8. Optional: Type a passphrase in the Key passphrase field & re-type the same passphrase in theConfirm passphrase field (if you would like to use your keys for automated processes, however, you should not create a passphrase);

  9. Click the Save public key button & choose whatever filename you'd like (some users create a folder in their computer named my_keys);

  10. Click the Save private key button & choose whatever filename you'd like (you can save it in the same location as the public key, but it should be a location that only you can access and that you will NOT lose! If you lose your keys and have disabled username/password logins, you will no longer be able log in!);

  11. Right-click in the text field labelled Public key for pasting into OpenSSH authorized_keys file and choose Select All;

  12. Right-click again in the same text field and choose Copy.

NOTE: PuTTY and OpenSSH use different formats for public SSH keys. If the SSH Key you copied starts with "---- BEGIN SSH2 PUBLIC KEY ...", it is in the wrong format. Be sure to follow the instructions carefully. Your key should start with "ssh-rsa AAAA ...."

CloudAfrica web portal - add SSH Key

 Click here to expand...

Login to the CloudAfrica web console:

- Click Keys on the top black navigation bar

- Click + New Key button on the far right

- Give the key a name

- Supply the public portion of the SSH key

- Click Add Key

You will now be able to create your server with the SSH key associated for access.

Adding your first server (CA-1 + CentOS 7)

 Click here to expand...

Login to the CloudAfrica web console:

  • Click the big green button “Create your first server” in the middle of the screen

    • Input your desired Server name eg.

    • Select your desired image (operating system) from the list

    • CentOS 7 is the first box in the second row, click on it and the box will change to a darker shade of grey

    • Click the green button on the right “Next >>”

  • Select the size of the server you require

    • If you intend to create a CA-1 instance leave the selection as is, otherwise select the dimension of the host from the list of options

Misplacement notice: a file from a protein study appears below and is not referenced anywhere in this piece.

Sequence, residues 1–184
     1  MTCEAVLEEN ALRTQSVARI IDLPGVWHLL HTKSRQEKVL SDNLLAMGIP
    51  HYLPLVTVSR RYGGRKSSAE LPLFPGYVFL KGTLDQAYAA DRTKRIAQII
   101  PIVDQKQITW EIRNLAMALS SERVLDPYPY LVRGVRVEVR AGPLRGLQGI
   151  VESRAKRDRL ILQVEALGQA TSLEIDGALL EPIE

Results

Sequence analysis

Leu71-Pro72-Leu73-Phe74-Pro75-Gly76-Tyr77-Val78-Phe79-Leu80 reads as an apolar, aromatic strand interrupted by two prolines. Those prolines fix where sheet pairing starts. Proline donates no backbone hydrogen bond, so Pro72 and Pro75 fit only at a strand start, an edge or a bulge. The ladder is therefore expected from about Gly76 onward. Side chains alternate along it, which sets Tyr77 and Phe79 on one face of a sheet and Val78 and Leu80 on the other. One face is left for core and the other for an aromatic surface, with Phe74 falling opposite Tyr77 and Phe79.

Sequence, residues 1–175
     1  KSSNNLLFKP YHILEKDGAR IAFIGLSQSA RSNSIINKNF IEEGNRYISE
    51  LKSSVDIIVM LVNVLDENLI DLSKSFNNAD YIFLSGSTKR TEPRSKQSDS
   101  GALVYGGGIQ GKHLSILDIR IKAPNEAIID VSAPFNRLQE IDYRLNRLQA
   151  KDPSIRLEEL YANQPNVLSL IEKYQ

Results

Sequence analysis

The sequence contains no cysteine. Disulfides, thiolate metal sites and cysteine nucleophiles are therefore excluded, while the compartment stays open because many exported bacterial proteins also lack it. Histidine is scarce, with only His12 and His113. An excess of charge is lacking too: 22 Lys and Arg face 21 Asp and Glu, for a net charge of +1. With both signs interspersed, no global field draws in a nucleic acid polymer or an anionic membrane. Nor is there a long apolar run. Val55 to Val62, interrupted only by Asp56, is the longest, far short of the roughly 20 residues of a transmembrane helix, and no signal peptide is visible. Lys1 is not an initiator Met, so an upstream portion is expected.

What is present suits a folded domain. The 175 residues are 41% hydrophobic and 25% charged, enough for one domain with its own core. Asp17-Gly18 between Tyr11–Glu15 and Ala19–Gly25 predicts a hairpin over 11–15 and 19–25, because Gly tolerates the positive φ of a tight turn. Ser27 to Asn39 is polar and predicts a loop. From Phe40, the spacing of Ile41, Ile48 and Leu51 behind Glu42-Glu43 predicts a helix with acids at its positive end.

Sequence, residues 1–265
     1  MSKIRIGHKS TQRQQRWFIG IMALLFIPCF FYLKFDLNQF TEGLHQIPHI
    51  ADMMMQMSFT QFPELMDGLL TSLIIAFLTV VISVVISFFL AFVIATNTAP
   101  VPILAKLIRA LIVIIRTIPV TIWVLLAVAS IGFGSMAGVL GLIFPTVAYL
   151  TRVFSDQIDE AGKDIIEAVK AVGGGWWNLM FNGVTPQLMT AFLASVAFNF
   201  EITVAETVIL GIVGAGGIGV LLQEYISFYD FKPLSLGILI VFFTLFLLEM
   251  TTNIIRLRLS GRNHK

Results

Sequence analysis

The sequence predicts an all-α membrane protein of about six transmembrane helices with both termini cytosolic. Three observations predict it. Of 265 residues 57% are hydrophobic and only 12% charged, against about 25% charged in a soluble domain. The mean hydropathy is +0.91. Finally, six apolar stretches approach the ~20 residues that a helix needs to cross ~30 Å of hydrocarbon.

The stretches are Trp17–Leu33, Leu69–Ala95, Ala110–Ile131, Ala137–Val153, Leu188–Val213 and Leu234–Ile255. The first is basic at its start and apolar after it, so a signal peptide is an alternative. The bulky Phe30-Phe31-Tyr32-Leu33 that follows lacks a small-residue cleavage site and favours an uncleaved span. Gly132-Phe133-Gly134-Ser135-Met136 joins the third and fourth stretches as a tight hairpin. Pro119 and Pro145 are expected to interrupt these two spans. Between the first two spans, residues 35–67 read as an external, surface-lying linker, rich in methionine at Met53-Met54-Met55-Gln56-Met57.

• Click the green button on the right “Next >>”

  • Change the disk allocation for your server

    • Here you have the ability to scale and add disks

    • The CentOS image has a fixed root/first disk size of 10G, we need to add a second disk with a size of 20GB to enjoy full use of the available 30GB for a CA-1 server.

      • Click the green “+ Add Disk” button

      • Adjust the slider so that the value reads 20GB

    • Click the green button on the right “Next >>”

  • Select Private or Public networking

    • For our simple example, we will skip private networking and order the server with public only networking

    • Toggle the blue and white switch on the left that is labelled “Enable”

    • The label will change to “None”

    • Click the green button on the right “Next >>”

  • Setup Public Networking

    • Assuming you already have an account, please select the account you wish to be billed for

    • Then check the SSH keys that you require to access the server

    • The firewall configuration will need an additional rule to allow SSH with the following settings:

      • Source: Any

      • Port: 22

      • Protocol: TCP

    • Click the green button on the right “Next >>”

  • Now we are at the Final confirmation step

    • Please review the details of your order and agree to our terms and conditions

    • Click the green button on the right “Next >>”

  • The next screen will detail the creation process of the server and once done will redirect you to a list of all your servers

  • From the list, you will be able to get the IP address of the server and start interacting with your new machine over SSH.

  • Congratulations you have created your first server!